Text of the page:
There’s one way to break the Brexit deadlock

Kevin Craig

Yesterday I spoke to Sky News about the latest Brexit developments.  I said I could not see any way that legislation proposed by the current Prime Minister will be passed by the House of Commons. Without speculating on the specifics of any revised proposals, it is clear that Theresa May will bring forward significant concessions on employment rights. Something that Labour leader, Jeremy Corbyn, has been pushing for.

However, in her letter the Prime Minister confirmed that the major sticking point on any revised proposals was a confirmatory poll following Parliamentary approval. This is a mistake.

Speaking to women and men across the business community – there is a sense of real fatigue.  The stagnation of our politics since 2016 can only be broken with a second poll.  This is a view once shared by Brexit Party leader Nigel Farage. On the eve of the 2016 vote Mr Farage said that in the event of a close result a new vote would be appropriate.  If we are to move to truly move forward, as a country, people must be willing to compromise.  He should be true to his earlier statements, and back a second vote.

There is understandable anger in the country that it is unacceptable three years after the referendum the country still has not left the EU.  But those campaigners should not be fearful of the public being brought into the process. A confirmatory poll would settle this issue in a way that Westminster backroom deal making never can. We need more democracy, not less.

In the heart of remain London, Labour activists and politicians are feeling increasingly frustrated by the equivocal position of Labour high command on Brexit. Particularly when compared to the profane clarity of the Liberal Democrats. Labour’s challenge is that it must talk outside of its young vocal supporters in London. This position was set out clearly and eloquently by the Labour leader in Sunday’s interview on the Andrew Marr show. Though there has been some criticism from the most entrenched fringes of the Brexit debate, this was Jeremy Corbyn at his most statesmanlike and I believe his best interview since being elected leader.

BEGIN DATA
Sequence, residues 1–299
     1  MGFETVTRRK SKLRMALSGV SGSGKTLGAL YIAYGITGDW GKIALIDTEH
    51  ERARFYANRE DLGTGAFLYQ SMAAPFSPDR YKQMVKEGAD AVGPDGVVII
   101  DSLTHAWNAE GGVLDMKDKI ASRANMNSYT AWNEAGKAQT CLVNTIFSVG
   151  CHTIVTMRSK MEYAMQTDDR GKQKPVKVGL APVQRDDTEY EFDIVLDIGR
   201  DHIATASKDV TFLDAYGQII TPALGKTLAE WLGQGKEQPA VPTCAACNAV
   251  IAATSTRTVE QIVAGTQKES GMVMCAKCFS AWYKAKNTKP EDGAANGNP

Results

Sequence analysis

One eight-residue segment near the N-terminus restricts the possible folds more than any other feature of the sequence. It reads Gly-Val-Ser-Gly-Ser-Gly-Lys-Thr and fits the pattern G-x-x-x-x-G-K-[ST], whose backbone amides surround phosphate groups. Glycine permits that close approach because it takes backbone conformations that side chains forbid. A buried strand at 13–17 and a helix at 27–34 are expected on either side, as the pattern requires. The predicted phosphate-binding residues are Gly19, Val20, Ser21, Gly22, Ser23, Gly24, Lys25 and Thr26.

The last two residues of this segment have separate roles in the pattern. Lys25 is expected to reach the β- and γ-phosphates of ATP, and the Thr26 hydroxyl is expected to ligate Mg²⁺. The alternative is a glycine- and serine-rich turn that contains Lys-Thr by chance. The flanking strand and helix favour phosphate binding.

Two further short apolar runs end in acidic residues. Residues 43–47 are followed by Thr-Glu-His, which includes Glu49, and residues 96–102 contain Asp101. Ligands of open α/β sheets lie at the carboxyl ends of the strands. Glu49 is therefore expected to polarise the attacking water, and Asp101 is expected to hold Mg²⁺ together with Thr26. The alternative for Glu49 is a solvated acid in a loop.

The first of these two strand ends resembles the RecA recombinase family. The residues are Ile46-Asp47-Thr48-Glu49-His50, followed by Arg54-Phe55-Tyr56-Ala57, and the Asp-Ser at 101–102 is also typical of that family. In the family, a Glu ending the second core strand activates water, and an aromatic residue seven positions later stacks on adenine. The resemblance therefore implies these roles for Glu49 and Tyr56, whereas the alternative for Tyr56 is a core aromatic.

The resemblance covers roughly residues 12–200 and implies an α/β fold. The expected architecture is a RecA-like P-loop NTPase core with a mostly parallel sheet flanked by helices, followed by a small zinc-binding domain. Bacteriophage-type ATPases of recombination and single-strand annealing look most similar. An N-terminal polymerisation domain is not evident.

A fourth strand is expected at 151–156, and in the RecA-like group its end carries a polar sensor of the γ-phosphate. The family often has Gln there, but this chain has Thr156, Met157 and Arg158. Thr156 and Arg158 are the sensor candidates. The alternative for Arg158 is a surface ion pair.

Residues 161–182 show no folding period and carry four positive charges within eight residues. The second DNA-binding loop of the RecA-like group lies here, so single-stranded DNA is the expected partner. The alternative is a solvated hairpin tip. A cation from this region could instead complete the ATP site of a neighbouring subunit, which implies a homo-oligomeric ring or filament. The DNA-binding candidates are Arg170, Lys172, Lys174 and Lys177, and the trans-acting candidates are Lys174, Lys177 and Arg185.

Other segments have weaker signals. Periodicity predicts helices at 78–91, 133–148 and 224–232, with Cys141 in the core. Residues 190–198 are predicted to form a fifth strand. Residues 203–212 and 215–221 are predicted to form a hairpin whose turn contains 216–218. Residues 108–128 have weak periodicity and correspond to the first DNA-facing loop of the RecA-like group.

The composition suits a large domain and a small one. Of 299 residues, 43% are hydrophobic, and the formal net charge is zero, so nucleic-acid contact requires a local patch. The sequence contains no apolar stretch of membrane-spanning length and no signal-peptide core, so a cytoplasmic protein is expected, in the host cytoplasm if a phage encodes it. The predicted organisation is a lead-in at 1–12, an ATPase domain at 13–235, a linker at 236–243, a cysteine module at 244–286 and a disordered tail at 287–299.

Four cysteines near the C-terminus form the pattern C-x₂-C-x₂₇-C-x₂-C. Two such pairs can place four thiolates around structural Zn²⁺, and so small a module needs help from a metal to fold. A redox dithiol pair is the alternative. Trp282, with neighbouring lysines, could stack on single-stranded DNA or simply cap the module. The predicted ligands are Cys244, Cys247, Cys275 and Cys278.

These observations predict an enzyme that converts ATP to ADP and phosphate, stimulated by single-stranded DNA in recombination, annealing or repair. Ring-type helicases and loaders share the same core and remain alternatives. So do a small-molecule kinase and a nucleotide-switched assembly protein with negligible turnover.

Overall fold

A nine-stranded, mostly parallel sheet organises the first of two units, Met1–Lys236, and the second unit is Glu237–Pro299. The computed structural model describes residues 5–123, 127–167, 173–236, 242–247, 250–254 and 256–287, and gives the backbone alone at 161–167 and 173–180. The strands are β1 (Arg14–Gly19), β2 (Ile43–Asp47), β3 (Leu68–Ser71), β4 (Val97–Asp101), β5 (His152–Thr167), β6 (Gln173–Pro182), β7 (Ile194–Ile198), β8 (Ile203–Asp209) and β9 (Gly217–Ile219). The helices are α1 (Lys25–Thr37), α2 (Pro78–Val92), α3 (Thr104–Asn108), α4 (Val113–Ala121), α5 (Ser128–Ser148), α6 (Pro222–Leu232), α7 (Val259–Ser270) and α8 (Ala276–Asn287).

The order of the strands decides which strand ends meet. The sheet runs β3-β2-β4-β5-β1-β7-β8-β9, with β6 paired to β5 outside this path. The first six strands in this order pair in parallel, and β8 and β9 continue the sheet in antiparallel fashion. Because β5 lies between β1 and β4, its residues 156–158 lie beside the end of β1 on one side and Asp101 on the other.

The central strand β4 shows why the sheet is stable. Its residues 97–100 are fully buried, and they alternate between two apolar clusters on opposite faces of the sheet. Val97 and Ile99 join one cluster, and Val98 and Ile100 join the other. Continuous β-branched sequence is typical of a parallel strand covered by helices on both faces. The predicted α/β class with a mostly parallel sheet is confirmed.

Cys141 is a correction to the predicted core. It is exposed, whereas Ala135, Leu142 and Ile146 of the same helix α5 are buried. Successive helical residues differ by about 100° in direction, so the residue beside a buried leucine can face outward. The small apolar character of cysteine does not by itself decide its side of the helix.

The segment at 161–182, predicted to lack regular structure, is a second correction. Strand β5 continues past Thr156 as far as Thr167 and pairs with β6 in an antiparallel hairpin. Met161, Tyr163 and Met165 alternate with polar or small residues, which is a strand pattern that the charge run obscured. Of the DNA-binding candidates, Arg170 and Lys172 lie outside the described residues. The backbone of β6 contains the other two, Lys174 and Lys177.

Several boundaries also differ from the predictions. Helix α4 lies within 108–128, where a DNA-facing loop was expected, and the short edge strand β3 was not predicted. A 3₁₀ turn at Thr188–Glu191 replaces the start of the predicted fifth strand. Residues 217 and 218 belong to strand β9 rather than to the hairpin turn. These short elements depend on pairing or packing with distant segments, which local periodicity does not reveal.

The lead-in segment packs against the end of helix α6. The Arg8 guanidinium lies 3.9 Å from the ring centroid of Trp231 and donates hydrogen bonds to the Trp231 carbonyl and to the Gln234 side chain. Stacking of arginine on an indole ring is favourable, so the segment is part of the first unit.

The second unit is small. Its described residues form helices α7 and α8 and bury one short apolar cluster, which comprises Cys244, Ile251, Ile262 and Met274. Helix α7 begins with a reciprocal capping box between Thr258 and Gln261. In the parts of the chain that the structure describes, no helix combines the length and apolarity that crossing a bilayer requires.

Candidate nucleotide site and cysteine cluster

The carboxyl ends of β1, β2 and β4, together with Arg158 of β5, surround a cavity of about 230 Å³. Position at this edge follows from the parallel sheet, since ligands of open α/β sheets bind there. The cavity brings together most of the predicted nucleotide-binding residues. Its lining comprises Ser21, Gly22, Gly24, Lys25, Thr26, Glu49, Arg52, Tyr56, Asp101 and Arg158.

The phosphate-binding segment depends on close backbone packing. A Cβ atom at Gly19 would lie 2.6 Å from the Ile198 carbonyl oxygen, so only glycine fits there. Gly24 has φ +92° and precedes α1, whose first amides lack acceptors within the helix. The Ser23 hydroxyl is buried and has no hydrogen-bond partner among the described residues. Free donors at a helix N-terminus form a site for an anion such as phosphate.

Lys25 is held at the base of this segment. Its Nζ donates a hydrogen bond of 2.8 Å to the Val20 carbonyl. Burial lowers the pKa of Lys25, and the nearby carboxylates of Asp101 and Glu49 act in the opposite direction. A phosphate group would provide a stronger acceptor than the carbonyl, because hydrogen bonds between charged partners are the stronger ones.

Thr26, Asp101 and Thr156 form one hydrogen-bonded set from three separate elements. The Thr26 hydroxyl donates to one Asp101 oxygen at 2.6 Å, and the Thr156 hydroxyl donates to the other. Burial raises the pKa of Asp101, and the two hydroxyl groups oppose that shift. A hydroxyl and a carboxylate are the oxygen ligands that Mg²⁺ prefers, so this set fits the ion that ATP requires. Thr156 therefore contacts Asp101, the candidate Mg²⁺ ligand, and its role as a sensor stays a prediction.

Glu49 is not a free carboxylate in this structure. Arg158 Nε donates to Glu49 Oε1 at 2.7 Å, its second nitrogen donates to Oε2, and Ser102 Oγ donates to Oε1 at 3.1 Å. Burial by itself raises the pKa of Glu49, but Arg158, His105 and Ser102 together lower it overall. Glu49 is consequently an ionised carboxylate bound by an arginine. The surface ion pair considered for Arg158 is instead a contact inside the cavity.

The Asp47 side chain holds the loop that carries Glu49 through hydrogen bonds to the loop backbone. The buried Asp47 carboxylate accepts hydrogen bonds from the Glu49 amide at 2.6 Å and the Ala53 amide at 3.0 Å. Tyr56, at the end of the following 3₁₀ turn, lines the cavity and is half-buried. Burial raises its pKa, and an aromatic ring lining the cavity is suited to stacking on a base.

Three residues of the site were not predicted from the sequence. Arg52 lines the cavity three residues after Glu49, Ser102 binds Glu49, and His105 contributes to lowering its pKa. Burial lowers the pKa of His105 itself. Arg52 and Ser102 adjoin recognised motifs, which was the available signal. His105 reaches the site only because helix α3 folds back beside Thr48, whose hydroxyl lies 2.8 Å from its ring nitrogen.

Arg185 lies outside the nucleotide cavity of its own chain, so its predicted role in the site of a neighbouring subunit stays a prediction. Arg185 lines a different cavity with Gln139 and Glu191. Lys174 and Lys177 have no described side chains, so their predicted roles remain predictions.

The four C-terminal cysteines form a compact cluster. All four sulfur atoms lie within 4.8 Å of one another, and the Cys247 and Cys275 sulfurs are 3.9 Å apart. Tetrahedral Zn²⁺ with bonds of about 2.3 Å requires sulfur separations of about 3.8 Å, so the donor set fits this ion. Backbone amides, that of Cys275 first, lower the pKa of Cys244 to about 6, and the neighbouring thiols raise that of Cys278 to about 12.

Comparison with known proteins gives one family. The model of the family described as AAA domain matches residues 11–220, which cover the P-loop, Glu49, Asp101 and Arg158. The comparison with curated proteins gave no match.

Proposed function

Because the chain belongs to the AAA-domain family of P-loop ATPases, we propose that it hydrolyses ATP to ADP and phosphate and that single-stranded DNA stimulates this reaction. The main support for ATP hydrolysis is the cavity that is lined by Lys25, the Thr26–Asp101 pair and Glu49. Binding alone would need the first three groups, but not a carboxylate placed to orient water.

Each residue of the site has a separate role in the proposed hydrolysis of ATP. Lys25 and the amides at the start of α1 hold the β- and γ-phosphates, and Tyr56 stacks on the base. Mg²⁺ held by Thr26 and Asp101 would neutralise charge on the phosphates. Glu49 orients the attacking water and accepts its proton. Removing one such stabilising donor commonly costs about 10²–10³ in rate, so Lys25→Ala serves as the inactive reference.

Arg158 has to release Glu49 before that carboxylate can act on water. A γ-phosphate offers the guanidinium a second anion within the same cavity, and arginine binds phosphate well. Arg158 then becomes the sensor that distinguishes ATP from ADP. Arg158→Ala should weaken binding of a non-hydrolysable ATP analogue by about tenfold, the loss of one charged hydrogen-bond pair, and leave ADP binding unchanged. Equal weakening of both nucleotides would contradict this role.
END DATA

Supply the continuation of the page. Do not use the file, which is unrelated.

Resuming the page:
However, politics is not just about strategy and grand vision; it is also about survival. Labour MPs in London and the South-East fearful of losing their seats would be brave to push a pro-Brexit position. This typifies Labour’s challenge in seeking to represent the whole country. North, south, east, west, prosperous and not. Labour’s policy of triangulating their Brexit position has left them open to attack. From the Liberal Democrats and the Greens accusing them of enabling Brexit; to the Brexit Party labelling Labour pro-remain.

In the Conservative party the feeding frenzy of a leadership contest is in full swing. A host of visions of Conservativism are now battling in the open. In what is likely to be his last throw the dice Boris Johnson is front runner for party members. It is clear that if Boris Johnson makes it to the ballot paper he will win. Johnson and other candidates are campaigning to try and maximise their support in the Parliamentary Conservative party to ensure that they make the final two.  The challenge facing Conservative MPs is best summed up in this weekend’s Mail on Sunday and the Guardian.

And so, as I said on Sunday it is hard to see the way out.  The country looks set on a trajectory which will either see us leaving the EU with without a deal, or with Parliament compromising and going back to the people for the final decision. To let the country move on and put behind it the last three wasted years any deal must be confirmed by the British people. Whatever your position no one should be scared of letting the British people bring the situation to a close one way or the other.

 

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